Today’s broilers (*CHICKENS*) have been bred to reach market weight in six weeks—twice as fast as their 1940s counterparts. This rapid growth rate has brought an increasing incidence of diseases that cause suffering, such as ascites and painful skeletal deformities. To avoid problems of reproduction and lameness associated with obesity, broilers used for breeding are severely feed restricted.
Asked by Anonymous at 11:29 PM on May. 3, 2010 in Kids' Health
Answer by mainemusicmaker at 8:59 PM on May. 6, 2010
Answer by writeon at 11:42 PM on May. 3, 2010
Answer by Anonymous at 12:26 AM on May. 4, 2010
Answer by rkoloms at 6:16 AM on May. 4, 2010
Answer by happy2bmom25 at 9:35 AM on May. 4, 2010
Answer by michiganmom116 at 9:36 AM on May. 4, 2010
Answer by Anonymous at 11:32 AM on May. 4, 2010
In 1948, when the Vantress breed was developed, they didn't have the DNA technology that we have now. I've been told they were developed by mixing turkeys and chickens but I'm not sure of the truth of that statement. Here's a link:Â http://www.livinghistoryfarm.org/farminginthe50s/crops_09.html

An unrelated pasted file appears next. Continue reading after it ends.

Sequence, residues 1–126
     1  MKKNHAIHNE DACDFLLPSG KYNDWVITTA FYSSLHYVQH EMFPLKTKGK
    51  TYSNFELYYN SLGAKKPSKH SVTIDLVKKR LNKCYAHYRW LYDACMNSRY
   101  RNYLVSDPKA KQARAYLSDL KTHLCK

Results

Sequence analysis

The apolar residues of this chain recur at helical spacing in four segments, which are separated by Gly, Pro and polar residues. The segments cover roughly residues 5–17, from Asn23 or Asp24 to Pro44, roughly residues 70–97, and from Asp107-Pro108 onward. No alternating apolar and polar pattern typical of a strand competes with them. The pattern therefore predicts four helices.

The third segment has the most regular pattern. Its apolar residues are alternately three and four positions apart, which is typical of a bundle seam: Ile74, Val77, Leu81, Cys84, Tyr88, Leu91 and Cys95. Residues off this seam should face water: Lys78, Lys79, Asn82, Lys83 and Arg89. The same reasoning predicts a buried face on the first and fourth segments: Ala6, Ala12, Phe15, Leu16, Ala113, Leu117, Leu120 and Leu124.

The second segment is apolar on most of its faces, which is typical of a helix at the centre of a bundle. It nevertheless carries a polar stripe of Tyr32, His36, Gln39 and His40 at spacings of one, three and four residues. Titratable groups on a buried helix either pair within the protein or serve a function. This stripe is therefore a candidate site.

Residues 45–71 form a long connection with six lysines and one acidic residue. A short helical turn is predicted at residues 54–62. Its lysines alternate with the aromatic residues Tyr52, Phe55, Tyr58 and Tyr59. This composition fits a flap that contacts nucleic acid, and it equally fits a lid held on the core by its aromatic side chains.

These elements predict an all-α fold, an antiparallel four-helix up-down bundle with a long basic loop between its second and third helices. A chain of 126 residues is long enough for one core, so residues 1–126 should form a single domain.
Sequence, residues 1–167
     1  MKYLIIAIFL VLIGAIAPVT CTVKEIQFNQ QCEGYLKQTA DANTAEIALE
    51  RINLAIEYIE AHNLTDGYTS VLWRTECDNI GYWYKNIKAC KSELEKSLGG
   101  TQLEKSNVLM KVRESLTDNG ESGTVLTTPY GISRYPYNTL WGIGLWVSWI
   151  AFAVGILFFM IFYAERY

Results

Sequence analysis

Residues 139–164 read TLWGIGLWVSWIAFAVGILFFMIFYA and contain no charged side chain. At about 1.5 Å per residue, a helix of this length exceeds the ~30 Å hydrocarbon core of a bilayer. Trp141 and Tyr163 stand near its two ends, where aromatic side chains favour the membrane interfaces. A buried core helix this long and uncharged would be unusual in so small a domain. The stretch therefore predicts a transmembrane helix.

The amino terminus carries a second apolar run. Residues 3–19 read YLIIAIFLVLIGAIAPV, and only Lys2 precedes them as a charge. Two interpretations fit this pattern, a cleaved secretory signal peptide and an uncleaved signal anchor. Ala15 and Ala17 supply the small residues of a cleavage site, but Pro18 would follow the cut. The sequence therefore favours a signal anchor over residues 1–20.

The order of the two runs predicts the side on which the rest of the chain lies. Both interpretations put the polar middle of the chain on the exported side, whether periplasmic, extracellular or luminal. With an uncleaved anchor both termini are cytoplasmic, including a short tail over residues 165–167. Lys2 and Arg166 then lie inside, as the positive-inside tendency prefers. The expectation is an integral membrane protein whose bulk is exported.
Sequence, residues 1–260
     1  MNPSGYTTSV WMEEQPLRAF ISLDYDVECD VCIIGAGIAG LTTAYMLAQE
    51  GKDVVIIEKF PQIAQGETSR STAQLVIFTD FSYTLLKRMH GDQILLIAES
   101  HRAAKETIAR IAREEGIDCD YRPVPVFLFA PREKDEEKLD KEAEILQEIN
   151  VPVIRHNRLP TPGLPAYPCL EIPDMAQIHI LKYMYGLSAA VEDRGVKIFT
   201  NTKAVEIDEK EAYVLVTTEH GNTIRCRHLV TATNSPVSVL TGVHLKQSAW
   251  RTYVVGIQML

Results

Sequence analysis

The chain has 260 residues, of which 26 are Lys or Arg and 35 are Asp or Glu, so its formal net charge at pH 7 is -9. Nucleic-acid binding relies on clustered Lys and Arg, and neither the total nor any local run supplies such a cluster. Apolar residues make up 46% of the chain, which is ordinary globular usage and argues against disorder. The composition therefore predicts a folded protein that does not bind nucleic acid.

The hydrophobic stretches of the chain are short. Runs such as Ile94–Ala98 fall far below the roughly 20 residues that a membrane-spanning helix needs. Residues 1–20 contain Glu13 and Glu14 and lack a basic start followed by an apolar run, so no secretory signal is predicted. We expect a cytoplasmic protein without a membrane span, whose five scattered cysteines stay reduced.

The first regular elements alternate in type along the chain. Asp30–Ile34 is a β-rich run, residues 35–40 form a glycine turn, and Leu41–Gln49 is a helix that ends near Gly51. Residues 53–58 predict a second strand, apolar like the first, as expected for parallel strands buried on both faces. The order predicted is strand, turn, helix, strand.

I'm not going to disagree that there are many things that are not exactly what they should be. We do raise quite a bit of our own food and we know what goes into/on it.Â
I know that poultry sold in the stores is usually injected with a saline (and who knows what else) solution to enhance its flavor. Vegetables and fruits are sprayed with chemicals to keep them from withering.Â MSG is added to many frozen meals.Â How many people have actually eaten REAL food? The taste can be quite different.
Answer by michiganmom116 at 12:10 PM on May. 4, 2010
Answer by fryshannon34 at 12:40 PM on May. 4, 2010
Answer by tazdvl at 12:53 PM on May. 4, 2010
Most Liked Posts